Even though much of my work is literally TOO BIG FOR WORDS, occasionally I am inspired to write, and this is the place for that. Feel free to join in the conversation. Thanks for reading.
When I was a little girl growing up in Cincinnati, as the oldest of four, I was frequently encouraged, cajoled and told to take action because “You are a leader! That’s what a leader would do.” Thinking nothing of it - and assuming everyone else was being told the same thing - I spoke up, stood up and led. (I also did a heck of a lot of chores - leaders get stuff done.) I ran for student council, stood toe to toe with playground bullies and planned parties. Sure, there was a price to pay. I was often called “bossy” and took the heat when things didn’t go well. As an adult, I led service projects, block parties and even a mini revolt or two….
Recently, I’m waking up to realize that this (“be a leader”) is not a common child-rearing mantra. Most parents just don’t talk to their children this way, or so my friends and girls in Circle report. I am learning that most of my peers do not see themselves as leaders. There are many ways to lead and I’m using leadership far beyond political roles, but I am surprised that many of our local elections go unchallenged. I wonder whether we fail to see ourselves as leaders or don’t know how to be a leader. If you think about, many problems in the world today are the result of a void of leadership, if not poor leadership. Look around and you will likely read about or witness a leadership vacuum or abuse of leadership in your church, community or school. Very few of us are willing to rock the boat, float a new idea, or risk standing up and saying something different. It can be social suicide to rise up above the minutia of personal conflicts to envision a greater possibility. And this isn’t a personal attack. It’s really hard work, being a leader, and it takes tremendous courage. Living in these times, we desperately need more of us to consider the perspective of “we” above the smaller vista of “me.”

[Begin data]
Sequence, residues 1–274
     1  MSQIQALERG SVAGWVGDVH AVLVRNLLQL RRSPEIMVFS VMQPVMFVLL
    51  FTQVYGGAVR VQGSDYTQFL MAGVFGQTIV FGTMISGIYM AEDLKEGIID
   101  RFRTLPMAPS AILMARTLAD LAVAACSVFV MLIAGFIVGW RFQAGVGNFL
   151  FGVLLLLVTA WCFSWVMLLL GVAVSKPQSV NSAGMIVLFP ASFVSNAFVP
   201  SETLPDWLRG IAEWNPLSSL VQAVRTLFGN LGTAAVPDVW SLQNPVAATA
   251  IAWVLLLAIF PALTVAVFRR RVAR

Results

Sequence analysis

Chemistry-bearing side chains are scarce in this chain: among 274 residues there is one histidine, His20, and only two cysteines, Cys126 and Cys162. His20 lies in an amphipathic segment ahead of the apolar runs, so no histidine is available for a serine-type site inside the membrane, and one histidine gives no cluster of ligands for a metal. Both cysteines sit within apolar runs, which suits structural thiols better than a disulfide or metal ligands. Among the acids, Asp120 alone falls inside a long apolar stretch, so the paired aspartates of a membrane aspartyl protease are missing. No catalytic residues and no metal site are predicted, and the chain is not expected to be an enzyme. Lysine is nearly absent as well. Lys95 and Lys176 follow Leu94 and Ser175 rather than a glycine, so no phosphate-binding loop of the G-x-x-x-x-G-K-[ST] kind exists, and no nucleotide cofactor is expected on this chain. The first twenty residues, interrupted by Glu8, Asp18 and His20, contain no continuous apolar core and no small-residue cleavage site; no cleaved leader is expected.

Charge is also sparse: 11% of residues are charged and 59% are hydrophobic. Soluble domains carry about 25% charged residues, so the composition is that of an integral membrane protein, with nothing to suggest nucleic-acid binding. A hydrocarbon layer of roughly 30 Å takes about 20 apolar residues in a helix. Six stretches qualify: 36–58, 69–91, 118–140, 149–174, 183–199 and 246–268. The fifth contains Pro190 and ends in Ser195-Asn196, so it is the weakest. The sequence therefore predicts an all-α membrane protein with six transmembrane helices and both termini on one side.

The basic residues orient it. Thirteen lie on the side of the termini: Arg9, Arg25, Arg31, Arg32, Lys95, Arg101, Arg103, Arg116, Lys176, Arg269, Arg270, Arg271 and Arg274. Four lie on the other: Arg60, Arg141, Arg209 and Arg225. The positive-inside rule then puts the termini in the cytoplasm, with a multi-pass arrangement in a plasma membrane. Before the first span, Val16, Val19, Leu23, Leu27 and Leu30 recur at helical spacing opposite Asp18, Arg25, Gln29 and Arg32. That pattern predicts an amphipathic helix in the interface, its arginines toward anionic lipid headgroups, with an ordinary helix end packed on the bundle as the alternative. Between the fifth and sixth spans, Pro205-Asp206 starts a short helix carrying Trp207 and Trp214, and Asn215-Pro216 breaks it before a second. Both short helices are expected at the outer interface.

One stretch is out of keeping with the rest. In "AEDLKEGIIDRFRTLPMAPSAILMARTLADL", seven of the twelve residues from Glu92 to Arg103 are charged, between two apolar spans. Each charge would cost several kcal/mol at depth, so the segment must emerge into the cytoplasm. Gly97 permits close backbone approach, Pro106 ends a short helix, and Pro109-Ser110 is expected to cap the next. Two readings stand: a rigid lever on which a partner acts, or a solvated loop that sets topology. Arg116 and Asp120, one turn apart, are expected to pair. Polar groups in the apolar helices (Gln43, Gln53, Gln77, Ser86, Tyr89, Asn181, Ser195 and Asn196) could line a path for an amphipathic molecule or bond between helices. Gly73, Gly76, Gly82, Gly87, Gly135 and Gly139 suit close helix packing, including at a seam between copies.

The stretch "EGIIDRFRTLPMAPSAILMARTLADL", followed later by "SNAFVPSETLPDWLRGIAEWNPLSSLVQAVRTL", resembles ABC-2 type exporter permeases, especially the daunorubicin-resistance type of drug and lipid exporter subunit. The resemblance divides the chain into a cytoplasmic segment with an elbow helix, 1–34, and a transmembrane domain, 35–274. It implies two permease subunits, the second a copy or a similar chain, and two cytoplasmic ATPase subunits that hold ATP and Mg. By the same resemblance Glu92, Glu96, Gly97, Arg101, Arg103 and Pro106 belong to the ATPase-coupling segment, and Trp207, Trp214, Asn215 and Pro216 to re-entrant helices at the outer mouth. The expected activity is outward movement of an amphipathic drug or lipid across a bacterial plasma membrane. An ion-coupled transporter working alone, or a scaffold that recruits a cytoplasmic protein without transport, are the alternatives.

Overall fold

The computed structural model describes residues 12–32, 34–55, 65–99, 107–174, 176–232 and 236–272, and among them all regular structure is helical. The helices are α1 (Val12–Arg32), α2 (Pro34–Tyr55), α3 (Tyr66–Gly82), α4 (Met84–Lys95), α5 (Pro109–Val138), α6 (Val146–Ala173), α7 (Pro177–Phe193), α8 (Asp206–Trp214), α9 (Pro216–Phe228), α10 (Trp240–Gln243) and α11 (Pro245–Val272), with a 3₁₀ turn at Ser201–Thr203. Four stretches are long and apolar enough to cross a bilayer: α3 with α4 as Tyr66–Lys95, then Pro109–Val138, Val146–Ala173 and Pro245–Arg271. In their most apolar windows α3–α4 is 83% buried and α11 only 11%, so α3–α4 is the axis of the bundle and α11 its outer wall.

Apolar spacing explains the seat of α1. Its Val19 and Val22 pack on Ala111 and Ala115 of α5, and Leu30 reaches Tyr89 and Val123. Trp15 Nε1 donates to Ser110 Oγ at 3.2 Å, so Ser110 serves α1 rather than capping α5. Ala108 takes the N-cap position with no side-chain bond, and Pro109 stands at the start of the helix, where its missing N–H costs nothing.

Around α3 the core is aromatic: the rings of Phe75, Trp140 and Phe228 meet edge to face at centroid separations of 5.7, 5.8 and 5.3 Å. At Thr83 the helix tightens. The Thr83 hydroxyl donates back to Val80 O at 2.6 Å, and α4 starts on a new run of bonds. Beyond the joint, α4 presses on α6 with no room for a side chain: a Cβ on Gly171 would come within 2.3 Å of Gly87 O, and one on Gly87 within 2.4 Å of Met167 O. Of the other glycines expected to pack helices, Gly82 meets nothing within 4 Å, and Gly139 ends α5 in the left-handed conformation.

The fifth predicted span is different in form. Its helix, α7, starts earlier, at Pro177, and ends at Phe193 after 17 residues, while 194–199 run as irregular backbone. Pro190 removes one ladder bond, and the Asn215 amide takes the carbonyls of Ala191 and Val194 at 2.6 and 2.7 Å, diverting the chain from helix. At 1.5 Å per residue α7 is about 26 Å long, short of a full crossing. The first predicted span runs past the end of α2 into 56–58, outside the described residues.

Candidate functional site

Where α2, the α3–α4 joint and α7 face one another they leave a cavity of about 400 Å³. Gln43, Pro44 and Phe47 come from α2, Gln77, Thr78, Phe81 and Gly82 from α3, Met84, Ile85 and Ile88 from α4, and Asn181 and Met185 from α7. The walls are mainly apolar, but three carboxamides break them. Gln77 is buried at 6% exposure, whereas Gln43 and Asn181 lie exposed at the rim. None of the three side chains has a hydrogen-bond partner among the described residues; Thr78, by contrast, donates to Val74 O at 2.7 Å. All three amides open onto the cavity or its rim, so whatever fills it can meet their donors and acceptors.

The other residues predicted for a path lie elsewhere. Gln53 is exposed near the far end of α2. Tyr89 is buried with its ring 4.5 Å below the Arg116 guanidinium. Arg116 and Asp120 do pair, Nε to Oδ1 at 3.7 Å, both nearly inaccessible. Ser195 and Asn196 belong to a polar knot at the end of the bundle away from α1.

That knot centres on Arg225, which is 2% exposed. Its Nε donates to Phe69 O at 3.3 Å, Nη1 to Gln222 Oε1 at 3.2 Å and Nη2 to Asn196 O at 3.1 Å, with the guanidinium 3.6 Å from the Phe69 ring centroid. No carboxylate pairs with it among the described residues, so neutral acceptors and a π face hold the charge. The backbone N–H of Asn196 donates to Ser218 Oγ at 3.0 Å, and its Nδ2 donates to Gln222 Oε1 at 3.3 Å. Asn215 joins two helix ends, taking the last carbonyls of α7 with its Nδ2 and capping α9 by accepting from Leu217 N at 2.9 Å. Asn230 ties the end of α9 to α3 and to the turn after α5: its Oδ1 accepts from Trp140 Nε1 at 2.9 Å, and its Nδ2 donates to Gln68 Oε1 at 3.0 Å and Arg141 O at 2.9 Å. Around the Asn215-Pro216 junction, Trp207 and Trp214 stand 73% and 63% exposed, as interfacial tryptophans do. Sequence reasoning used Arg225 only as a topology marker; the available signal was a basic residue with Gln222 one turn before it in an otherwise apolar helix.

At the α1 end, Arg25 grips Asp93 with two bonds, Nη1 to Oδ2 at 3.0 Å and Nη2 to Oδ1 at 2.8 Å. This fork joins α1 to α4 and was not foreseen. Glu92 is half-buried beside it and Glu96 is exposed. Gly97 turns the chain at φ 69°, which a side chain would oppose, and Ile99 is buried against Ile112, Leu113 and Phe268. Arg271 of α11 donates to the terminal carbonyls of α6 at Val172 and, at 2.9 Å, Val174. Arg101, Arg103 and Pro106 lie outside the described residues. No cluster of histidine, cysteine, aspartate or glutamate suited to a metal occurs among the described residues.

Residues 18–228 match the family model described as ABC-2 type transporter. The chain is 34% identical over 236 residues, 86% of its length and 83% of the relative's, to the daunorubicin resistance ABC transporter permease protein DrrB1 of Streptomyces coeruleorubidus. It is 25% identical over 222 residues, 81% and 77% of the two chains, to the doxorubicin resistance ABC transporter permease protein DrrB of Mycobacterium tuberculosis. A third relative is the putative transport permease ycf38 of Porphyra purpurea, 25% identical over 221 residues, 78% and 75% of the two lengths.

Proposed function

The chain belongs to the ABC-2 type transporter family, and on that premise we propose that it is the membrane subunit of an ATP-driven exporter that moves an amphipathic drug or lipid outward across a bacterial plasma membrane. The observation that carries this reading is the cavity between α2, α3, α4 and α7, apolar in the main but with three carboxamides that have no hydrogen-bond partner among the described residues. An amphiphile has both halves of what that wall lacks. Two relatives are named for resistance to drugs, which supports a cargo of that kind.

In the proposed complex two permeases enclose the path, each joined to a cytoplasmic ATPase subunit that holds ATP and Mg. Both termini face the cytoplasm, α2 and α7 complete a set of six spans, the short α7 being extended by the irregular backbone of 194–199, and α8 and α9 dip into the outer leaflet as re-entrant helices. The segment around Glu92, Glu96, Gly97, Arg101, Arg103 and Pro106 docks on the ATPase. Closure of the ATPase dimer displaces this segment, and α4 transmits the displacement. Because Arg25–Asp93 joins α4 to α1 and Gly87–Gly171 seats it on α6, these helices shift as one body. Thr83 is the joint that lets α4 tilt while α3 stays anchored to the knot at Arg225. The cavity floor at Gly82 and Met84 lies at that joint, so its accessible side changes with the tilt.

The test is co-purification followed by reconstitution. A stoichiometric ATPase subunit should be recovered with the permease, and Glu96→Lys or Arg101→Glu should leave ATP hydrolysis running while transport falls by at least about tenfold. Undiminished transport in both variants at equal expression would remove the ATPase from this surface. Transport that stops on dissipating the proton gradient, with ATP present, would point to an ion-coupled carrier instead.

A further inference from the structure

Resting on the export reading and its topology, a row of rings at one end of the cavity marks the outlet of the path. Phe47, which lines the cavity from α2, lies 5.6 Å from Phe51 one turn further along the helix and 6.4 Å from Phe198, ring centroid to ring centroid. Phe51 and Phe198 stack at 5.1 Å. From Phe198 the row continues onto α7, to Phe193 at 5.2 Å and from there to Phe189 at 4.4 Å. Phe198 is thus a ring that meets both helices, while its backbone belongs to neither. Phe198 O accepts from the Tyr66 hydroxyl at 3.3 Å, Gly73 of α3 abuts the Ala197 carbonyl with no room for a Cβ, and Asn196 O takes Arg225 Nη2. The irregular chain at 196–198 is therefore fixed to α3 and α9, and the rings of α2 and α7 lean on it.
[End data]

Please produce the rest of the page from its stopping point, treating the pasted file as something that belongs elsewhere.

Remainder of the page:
I wonder: How do we choose our leaders? Are leaders born or bred? Is leadership something we as a culture value? If so, when and how do we teach leadership skills? Who among us see it as their responsibility or right to lead? Is there a leadership void? Or, are we in the midst of a change state redefining leadership? A very different kind of leadership seems to be required for the crises we face and frankly, I don’t see it being instilled in the next generation.
Yesterday, I happened upon this terrific talk by Dave Logan: http://www.mindvalleyinsights.com/the-dark-side-of-leadership/. I highly recommend his three-step process for sparking leadership. He begins with an exercise to discover your “core, core values.” Sound familiar? Nearly all of my Circles this session stirred around core values. I like his spin on it, try it out. The next step is discerning what violates your values: revealed in what outrages you so much that you say, “This has to stop right now!”? Dave proposes that all great leaders are irate at violations of their core values; their resulting action demonstrates their leadership. See: Mother Teresa, Gandhi, Dr. King. The third step is discovering your “great, great gift” - that thing about you that has no “off” switch. In Circle, we call it “you being you.”
As you may have guessed, this process involves a dip, if not a dive, into your dark side. This is not surprising: when outrage spins out of control, it’s often not pretty to behold. Therefore, we avoid it at all costs, and instead wear the pretty masks of our good girl self.